During the occupation, the 54-year-old broke away from the rest of the group and set up a one-man camp on a chair outside the building, hunkered down under a sleeping bag, a tarpaulin, and clutching his rifle in the bitter January air.

Finicum vowed three weeks ago that he would rather die than be taken into custody.

"There are things more important than your life and freedom is one of them," he told MSNBC from his makeshift post. "I'm prepared to defend freedom."

Watch more coverage:

There Are Things More Important Than Your Life: LaVoy Finicum

Finch, one of Finicum's 11 kids, told NBC News late Tuesday the protesters "were all committed to not firing on federal agents."

The group seized Malheur National Wildlife Refuge on January 2 in the wake of a protest in the nearby town of Burns against the imprisonment of two ranchers convicted of setting fires on government land.

They vowed to stay there until federally owned land was returned "back to the people."

In the early days of the occupation, Finicum hinted that he was keen for a swift end to the dispute.

"I need to get home," he said. "I got cows that are scattered and lost."

READ MORE: Oregon protesters find support and scorn on social media

Some of the protesters said that there had been negotiations with the FBI. Finicum said in an interview with The Oregonian newspaper a day before his death that "the tenor has changed, [law enforcement] have become more hardened."

He added: "They're doing all the things that show they want to take some kinetic action against us, and we're saying, 'Why be so unfriendly?'"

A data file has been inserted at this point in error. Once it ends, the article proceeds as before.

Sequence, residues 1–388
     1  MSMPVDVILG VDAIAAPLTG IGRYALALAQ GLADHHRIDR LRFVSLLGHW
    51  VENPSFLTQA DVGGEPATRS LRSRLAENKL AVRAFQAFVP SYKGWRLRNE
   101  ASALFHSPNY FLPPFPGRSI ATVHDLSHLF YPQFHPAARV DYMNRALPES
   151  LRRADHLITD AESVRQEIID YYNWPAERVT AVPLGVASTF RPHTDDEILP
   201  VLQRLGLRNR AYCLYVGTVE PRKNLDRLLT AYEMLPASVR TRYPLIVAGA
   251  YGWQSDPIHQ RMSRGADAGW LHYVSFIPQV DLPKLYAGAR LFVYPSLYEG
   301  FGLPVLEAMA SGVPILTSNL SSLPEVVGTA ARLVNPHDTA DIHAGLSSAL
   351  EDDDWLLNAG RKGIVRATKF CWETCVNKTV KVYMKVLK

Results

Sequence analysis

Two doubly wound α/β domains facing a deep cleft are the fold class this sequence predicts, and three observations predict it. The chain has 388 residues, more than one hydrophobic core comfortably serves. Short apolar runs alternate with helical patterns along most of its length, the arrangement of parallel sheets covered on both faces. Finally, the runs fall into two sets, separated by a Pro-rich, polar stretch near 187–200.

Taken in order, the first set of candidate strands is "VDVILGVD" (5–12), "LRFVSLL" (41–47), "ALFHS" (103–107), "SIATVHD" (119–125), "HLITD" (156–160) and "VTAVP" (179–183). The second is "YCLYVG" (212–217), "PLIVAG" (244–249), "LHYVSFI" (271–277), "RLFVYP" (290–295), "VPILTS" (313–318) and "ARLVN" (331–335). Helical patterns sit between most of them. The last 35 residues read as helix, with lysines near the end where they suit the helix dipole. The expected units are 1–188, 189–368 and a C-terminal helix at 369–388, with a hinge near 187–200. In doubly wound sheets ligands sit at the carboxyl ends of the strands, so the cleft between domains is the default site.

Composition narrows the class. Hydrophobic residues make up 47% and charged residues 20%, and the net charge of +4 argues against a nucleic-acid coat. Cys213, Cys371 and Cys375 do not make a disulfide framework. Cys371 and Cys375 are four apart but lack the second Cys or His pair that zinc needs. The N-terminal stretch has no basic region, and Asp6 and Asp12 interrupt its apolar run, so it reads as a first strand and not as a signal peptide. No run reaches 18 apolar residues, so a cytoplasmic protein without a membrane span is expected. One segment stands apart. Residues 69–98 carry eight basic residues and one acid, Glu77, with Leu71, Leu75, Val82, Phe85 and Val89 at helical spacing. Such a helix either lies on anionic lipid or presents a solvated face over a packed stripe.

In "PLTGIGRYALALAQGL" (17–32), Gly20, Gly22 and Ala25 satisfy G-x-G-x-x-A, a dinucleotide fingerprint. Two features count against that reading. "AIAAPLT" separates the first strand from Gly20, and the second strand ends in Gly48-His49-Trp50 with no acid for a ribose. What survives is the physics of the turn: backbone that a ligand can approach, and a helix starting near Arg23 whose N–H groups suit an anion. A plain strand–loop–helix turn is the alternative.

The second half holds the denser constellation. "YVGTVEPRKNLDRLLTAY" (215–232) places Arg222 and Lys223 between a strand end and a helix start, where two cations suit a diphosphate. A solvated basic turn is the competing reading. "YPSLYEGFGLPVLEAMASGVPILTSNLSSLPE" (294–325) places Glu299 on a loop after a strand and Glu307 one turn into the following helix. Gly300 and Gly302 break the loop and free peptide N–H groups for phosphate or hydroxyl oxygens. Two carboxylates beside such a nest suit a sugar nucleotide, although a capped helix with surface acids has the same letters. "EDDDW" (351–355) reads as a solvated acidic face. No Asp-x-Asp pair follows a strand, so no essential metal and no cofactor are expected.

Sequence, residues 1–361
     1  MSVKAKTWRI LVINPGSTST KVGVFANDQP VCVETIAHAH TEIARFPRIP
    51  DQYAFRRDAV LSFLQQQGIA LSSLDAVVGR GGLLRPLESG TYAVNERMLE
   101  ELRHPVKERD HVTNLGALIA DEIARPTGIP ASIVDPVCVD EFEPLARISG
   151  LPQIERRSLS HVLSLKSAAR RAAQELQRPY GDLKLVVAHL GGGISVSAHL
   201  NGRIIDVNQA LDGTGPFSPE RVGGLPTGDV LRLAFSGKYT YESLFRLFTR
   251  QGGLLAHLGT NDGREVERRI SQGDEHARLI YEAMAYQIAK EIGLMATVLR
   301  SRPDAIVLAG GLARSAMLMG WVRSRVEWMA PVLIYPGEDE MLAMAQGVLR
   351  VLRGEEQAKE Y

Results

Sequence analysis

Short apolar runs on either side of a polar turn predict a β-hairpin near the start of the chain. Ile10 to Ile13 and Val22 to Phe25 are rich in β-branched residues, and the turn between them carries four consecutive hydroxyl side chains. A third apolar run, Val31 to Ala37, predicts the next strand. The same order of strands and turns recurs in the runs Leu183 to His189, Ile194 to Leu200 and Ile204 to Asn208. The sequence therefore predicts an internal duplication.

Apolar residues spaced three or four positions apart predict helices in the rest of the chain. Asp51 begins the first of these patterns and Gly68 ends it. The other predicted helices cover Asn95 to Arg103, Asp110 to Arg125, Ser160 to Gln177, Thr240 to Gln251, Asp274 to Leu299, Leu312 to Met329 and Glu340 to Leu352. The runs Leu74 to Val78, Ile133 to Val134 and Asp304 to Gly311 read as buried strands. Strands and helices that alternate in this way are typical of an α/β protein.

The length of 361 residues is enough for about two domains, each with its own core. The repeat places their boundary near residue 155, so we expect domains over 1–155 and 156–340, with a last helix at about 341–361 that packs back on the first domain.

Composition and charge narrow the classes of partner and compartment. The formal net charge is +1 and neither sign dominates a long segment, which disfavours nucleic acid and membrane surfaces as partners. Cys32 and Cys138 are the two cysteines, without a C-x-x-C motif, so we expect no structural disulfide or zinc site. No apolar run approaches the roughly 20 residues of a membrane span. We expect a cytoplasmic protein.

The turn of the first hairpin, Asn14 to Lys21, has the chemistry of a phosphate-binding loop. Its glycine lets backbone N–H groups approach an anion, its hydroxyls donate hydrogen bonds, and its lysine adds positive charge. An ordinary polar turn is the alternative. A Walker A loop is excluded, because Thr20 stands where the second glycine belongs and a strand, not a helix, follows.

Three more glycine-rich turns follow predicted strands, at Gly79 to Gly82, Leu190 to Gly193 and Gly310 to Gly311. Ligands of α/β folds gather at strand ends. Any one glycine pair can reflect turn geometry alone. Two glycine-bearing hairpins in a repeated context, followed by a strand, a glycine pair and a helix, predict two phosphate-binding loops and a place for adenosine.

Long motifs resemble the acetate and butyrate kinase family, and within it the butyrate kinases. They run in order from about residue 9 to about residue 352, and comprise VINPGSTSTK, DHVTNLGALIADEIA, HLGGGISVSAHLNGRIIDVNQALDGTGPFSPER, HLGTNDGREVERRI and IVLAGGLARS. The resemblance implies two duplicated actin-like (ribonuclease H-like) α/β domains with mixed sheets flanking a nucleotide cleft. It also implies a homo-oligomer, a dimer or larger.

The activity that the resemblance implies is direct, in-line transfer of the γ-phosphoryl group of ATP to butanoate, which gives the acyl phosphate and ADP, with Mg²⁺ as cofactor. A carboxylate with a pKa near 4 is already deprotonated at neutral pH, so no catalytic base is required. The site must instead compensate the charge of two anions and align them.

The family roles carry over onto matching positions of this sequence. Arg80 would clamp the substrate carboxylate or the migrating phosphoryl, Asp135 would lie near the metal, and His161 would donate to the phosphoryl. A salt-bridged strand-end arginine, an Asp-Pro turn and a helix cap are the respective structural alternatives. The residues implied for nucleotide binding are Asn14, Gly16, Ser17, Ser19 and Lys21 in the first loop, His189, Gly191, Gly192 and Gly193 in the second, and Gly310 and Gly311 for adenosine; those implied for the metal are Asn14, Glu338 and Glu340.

Watch more coverage:

Oregon Protester's Anger at Occupation Death and Arrests

According to Finch, the group was traveling to the town of John Day, where some of them had been due to appear at a public meeting Tuesday night.

Five people were arrested, one of whom was injured and later discharged from hospital and taken into custody, according to a joint statement by the FBI and state police. Two were arrested in a separate but related incident and one person turned themselves in later Tuesday, it added.

All the suspects face federal felony charges of conspiracy to impede federal officers from discharging their official duties through the use of force, intimidation or threats, authorities said.

It was unclear how many protesters remained in the federal wildlife refuge. Oregon Gov. Kate Brown asked for "patience as officials continue pursuit of a swift and peaceful resolution."

The Bundys are sons of Nevada rancher Cliven Bundy, who was involved in a high-profile 2014 standoff with the government over grazing rights.

The other three highway arrests were Brian Cavalier, 44, of Bunkerville, Nevada; Shawna Cox, 59, of Kanab, Utah; and Ryan Waylen Payne, 32, of Anaconda, Montana.

Joseph Donald O'Shaughnessy, 45, of Cottonwood, Arizona, and Peter Santilli, 50, of Cincinnati, were arrested later in separate but related incidents, the FBI said.

Later Tuesday night, another member of the group, Jon Eric Ritzheimer, 32, turned himself in at the Peoria, Arizona, Police Department, the FBI said.